I had noticed the signs before we pulled in. It piqued my curiosity. And as a veteran of years of customer service, I saw it as an opportunity to interact with “the other side” in a non-confrontational manner. Let’s just do our business as human beings–which is what we’re supposed to do all the time, isn’t it? The bikerish women–they seemed to be mother and daughter–who worked there smiled with the right amount of expected flirtation.
The other customers did keep looking at me, curious, with strained smiles. I had received this look before. They were trying not to notice my skin color. It’s rather creepy when a whole room of people look at you that way.
I must warn other travelers that they have something against public restrooms along the 101 in this part of Washington.
Theme there was another house with Trump flags. And a pickup with a Trump bumper sticker. And a TRUMP 2024 sign.
Washington seems très Republicano. There are a lot of clear-cut forests.
That night we stood at the Rainforest Village Resort, on Lake Quinault. Sasquatches decorated and were for sale in the lobby.
The frogs sounded like they were right outside our window, and the Wi-Fi was lousy, but the lake was beautiful.
We needed that kind of environment that morning. We were bracing ourselves for political turmoil. Roe v. Wade was overturned, and it was Pride weekend. KOMO news did a dubious story of “local Antifa” attacking a guy with part of a barricade–it looked more like a clumsy comedy routine than a real act of violence.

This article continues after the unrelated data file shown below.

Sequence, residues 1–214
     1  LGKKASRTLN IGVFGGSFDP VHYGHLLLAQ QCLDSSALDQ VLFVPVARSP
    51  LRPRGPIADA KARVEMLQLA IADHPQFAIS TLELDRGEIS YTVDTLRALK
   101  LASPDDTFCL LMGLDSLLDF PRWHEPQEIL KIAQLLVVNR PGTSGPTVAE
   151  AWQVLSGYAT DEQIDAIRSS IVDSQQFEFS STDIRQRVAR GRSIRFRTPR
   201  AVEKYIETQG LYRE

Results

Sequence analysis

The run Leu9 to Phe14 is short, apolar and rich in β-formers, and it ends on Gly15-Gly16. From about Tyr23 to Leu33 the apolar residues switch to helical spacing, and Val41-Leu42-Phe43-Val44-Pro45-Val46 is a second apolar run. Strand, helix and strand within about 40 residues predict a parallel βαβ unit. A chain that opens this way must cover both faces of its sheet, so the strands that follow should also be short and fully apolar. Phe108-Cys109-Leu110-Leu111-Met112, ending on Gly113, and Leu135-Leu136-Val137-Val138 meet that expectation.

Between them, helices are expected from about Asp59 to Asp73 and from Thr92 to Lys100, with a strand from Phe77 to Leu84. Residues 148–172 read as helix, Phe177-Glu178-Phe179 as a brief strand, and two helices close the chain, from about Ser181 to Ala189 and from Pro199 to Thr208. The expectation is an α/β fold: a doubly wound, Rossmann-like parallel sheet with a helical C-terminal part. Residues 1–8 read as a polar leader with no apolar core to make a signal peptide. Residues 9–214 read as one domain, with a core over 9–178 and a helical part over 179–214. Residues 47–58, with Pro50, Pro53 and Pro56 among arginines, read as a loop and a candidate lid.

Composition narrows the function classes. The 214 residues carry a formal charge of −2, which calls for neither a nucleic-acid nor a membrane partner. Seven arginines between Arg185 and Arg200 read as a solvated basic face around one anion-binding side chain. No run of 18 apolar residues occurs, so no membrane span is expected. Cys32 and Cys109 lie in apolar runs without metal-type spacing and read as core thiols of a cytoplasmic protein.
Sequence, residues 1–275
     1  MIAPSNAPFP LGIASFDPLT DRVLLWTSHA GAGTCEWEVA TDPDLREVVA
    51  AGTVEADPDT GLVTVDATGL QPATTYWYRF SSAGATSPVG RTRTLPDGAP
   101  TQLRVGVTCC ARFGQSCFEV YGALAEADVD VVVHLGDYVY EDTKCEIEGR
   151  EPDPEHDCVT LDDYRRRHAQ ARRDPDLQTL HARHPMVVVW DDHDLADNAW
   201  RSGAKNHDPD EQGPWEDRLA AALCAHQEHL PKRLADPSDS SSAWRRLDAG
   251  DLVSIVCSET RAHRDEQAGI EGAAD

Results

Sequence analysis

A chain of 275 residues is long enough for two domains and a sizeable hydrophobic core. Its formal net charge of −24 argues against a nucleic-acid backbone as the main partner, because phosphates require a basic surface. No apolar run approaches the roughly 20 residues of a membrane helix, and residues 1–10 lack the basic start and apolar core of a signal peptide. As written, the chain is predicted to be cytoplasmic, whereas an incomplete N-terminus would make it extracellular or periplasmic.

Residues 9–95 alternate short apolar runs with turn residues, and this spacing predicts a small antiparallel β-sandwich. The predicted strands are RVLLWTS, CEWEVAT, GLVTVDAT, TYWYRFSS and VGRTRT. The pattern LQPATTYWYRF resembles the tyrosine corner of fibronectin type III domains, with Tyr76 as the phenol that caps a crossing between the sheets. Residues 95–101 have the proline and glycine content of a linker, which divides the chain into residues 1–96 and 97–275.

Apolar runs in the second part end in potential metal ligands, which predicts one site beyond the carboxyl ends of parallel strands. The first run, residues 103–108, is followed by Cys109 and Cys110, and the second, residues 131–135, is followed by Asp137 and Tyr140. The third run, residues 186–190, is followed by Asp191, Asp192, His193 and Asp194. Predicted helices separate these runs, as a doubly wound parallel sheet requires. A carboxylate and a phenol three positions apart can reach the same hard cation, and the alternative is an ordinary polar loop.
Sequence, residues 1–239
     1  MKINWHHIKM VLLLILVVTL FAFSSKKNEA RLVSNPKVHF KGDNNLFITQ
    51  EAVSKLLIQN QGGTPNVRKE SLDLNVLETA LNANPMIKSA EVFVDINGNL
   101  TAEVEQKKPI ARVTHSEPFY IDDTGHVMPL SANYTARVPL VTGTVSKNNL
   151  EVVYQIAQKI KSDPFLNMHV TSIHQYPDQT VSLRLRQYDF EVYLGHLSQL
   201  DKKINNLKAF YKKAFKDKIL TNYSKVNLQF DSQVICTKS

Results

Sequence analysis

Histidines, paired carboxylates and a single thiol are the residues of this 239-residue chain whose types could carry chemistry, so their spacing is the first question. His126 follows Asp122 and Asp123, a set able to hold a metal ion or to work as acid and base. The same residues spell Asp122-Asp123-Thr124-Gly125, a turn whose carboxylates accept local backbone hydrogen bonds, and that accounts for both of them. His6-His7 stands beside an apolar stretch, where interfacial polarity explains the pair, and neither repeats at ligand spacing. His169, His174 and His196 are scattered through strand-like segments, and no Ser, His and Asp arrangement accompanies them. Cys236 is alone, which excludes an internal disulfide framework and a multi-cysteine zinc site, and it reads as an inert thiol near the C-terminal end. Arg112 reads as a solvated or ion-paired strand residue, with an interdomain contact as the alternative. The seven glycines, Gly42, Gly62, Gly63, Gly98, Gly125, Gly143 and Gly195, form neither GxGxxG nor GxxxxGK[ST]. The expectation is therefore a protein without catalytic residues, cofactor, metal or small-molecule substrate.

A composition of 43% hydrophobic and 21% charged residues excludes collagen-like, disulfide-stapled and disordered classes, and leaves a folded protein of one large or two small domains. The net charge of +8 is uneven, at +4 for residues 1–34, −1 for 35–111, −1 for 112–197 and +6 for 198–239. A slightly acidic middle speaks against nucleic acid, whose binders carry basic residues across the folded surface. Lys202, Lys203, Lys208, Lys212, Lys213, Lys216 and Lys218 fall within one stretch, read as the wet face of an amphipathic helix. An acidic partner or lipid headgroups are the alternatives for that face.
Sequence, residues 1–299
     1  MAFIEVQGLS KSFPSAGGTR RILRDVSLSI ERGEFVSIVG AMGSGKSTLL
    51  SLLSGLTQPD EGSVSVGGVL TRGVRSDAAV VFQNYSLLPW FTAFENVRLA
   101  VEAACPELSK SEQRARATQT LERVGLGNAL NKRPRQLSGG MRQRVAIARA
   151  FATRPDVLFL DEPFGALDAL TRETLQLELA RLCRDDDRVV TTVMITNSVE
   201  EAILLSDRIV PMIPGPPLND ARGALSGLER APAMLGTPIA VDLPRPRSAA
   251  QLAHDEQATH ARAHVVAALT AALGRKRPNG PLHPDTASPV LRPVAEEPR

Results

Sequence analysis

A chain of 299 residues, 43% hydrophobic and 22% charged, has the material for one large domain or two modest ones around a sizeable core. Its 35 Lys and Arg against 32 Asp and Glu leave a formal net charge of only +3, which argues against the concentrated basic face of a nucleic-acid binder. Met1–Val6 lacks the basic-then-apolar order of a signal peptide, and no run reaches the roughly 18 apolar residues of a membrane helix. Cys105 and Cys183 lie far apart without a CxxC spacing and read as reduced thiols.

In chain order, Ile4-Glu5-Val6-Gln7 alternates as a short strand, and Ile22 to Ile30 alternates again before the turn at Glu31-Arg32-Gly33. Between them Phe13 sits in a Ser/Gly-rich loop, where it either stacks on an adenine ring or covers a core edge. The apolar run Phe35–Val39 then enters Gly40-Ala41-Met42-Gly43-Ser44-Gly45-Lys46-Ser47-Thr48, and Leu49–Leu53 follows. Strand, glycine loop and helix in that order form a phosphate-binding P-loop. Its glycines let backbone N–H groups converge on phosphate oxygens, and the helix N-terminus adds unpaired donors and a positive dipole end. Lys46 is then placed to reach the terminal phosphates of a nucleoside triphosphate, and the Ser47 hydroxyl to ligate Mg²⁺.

Soon we were going down the coast on the 105, in search of coffee and pastries.
There were no political signs. Just things like the Cranberry Museum and some funny yard sales.
A thrift store in South Bend played “Bigfoot Radio,” while another had two different “Jesus culture” stations.
We found no public restrooms, and no pastries.
Chinook had a cool mural.
And an interesting display with a robot in front of the Shipwreck Cove Antique Store.
Finally, we took the Megler Bridge across the Columbia River, back to Oregon.There was no parking at the beaches. We were in and out of Tsunami Hazard Zones. And no cell service in parts of the 101 in Oregon.
Then four emergency vehicles with lights and sirens a-blazing blasted by. The first we saw on this trip.
In Grants Pass we ended up in a suite bigger than our house in the Travelodge, thanks to overbooking.
The next day on the 62, heading for Crater Lake, with Mt. Shasta looking on at the horizon, there was a VOTE TRUMP sign flying over a farm. There were flags of all kinds everywhere, even one that said ESPRESSO next to a zombie dwarf sasquatch.
And along the Rogue River there was a Trump sign that was almost completely faded out.
Of course Rogue Gorge was a must-see.
As was Crater Lake.
We went from a Tsunami Zone to an Avalanche Zone.
A strange object was abandoned by the snow.
Annie Falls could be seen through a weird tree.
Past 140 was more flag-flying farm country. Actually a bit bland, lacking in weirdness, then:
A MOVE OREGON’S BORDER sign. Turns out it's a nefarious plot to gerrymander things to send more conservative representatives to Washington.
Other flags were Trump, LET’S GO BRANDON, and a very faded TRUMP 2020.
And Oregon still doesn’t want you to pump your own gas. A smiling guy comes out and rips the thing out of your hand.
East of Lakeview on the 140 a stagecoach sculpture on Cave Creek Ranch East looked like a timewarp as we headed for Winnemucca, Nevada.